A week after the EU Referendum result, the Freight Transport Association FTA has identified the top ten crunch issues for British logistics as the country prepares to leave the European Single Market.
These will be the issues that FTA will be closely monitoring and influencing over the coming months to protect the interests of its members and keep British logistics and supply chains safe, efficient and sustainable.
James Hookham, FTA’s Deputy Chief Executive, said:
“Businesses across the UK are asking ‘what are the implications of Brexit for my transport operations and my supply chains?’ FTA has compiled an ABC list of issues that will be its priorities as the negotiations get under way.”
“The fact is that virtually nothing changes for freight transport operations until the Government gives formal notice to leave the EU and the Exit negotiations start. These will be incredibly complex and FTA’s job will be to lead for logistics and make sure the Government keeps the nation’s supply chains efficient and competitive in whatever deal is agreed.”
This is FTA’s ABC guide to the Brexit issues for logistics:
A is for Access to the Single Market: This is the £360 billion question – the value of Britain’s trade with the EU. What will the new trade deal look like? Will we be the next Norway, or Canada? Or Turkey or Albania? This is the heart of what the next Prime Minister will need to negotiate with the EU. What’s the deal?
B is for Border Controls: Will they remain juxtaposed in Calais where security for truck drivers can be maximised or will they be repatriated back to Kent and migrants able to leave France unimpeded? There were calls for Britain to (literally) ‘take back control of its borders’ immediately after the result was declared, but these seem to have been dismissed by the French President … for now.
C is for Customs arrangements: What will be the tariffs, the guarantees and the clearance procedures exporters and importers will need to follow? These will decide how well the new trade works in practice for supply chain managers and shippers.
D is for Domestic legislation: The Government will need to unpick the enormous body of UK transport legislation that is based in EU directives and regulations. What will be kept, what will be scrapped? And do international hauliers have to learn two set of rules, one for when their trucks are in the UK and another for when they are in the EU?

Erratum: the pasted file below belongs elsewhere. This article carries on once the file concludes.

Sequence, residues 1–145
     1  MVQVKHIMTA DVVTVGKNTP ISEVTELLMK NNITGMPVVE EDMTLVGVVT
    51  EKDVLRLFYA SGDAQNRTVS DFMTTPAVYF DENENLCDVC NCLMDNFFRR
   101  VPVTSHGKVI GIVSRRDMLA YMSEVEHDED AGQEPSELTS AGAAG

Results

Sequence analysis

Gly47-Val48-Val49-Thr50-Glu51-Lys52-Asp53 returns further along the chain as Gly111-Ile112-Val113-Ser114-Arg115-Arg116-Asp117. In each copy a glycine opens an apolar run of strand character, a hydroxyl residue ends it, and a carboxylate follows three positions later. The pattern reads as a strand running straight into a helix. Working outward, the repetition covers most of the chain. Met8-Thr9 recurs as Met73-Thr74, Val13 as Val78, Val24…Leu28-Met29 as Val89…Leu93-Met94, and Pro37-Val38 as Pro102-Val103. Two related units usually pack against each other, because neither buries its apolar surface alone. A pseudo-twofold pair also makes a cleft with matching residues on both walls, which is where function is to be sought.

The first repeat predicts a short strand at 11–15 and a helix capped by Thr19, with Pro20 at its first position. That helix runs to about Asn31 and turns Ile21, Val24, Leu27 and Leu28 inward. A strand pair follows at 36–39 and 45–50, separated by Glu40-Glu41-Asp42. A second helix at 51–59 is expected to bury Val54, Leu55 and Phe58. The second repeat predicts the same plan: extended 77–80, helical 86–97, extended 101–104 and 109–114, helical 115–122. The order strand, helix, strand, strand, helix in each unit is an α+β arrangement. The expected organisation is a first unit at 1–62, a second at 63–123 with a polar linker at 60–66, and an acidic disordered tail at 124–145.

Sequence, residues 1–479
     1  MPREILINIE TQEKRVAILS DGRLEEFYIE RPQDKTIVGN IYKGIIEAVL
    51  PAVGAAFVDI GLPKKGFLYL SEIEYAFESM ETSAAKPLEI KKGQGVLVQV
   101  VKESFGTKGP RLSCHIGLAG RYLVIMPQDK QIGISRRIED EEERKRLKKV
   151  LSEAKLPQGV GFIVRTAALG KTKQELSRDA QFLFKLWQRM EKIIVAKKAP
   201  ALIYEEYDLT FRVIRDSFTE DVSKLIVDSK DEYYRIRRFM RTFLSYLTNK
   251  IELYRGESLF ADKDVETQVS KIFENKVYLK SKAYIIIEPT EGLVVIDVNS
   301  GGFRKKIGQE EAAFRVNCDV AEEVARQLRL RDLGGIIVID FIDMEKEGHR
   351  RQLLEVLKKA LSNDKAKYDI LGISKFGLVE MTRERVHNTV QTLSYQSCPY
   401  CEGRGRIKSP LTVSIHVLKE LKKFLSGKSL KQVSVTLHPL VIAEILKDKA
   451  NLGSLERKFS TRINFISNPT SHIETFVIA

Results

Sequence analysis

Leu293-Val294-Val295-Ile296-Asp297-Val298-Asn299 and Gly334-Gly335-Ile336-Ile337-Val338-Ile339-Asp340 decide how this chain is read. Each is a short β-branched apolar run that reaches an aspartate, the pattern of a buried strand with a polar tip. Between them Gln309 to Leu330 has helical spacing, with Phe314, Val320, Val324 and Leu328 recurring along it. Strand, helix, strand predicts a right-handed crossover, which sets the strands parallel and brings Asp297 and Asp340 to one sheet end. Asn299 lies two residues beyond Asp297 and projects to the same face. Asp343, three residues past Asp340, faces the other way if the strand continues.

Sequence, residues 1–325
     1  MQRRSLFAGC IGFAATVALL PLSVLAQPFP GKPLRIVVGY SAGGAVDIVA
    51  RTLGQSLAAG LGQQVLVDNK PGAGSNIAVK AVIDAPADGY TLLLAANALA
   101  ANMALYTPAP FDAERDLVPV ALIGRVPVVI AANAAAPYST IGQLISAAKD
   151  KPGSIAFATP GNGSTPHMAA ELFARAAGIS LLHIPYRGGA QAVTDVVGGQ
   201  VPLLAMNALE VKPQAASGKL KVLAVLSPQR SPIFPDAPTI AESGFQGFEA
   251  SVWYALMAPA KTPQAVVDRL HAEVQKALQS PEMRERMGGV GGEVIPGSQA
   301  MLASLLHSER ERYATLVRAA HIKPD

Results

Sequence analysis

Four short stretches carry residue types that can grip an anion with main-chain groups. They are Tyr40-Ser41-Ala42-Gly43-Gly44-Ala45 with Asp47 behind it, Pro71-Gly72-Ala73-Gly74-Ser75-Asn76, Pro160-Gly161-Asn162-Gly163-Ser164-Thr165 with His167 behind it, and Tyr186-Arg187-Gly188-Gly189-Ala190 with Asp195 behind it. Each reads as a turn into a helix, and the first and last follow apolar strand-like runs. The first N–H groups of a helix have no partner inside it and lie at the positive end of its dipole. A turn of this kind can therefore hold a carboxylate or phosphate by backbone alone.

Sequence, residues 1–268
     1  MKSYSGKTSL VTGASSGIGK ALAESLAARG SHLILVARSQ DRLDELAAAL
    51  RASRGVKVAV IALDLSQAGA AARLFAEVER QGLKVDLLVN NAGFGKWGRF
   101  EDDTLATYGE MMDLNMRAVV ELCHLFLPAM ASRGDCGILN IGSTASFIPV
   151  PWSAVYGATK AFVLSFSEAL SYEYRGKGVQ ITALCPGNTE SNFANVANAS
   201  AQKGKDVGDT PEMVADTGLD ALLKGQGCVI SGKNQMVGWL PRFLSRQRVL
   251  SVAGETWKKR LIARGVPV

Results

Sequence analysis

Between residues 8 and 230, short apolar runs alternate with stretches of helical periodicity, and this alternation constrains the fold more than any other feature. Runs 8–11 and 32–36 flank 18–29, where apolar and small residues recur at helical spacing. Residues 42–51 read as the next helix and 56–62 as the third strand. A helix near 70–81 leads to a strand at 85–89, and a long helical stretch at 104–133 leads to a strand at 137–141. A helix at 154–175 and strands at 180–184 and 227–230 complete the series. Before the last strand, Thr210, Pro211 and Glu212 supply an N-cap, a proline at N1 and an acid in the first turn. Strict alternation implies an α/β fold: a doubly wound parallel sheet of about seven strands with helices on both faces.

E is for Enforcement of cross border traffic: We must avoid the queues of traffic waiting for Customs and enforcement checks to be carried out that are common at other border crossing points into the EU, otherwise Operation Stack will become a permanent feature of life in Kent. So getting clarity on what documentation for the goods, certificates for the trucks and licences for the driver are required are crucial details in making the new trade deal work in practice.
F is for Fuel Duty: The Chancellor has hinted at tax increases in the Autumn Statement to balance the national books following the Brexit decision. Fuel duty increases have been in his sights before, but FTA sponsored research shows that reducing fuel duty would give a real stimulus to the economy and would give logistics a competitive edge in a tough new trading environment.
G is for Global Markets: Much has been said about the country’s need to trade more with the rest of the world but changes in the container shipping market mean that the biggest and most efficient container ships are calling less frequently at UK ports, meaning goods having to be trans-shipped from the Continent. We need more investment in our ports and the road and rail links that connect them to increase their ability to handle bigger ships and larger volumes of containers.
H is for Heathrow … now! If Britain is out of Europe then it needs a world-class global air freight hub to connect businesses with their customers and suppliers in global markets. The Government needs to confront the decision on airport capacity in the harsh reality of the Brexit decision and keep Britain connected with the rest of the world by expanding Heathrow as the country’s global air cargo hub airport.
I is for Ireland: There are unique logistics issues affecting trade with the only EU country that shares a land border with the UK. In addition, Irish traffic to and from the Continent will need special arrangements to avoid the burdens of goods and vehicles exiting and re-entering the EU as they transit through the UK.
J is for Join FTA as we Leave the EU: Virtually every logistics business and supply chain manager is going to be affected by Brexit and keeping in touch with developments, telling members what’s going on and influencing the outcome of the negotiations is FTA’s top priority going forward. Joining FTA is the best move to make as the country prepares to leave the European Union.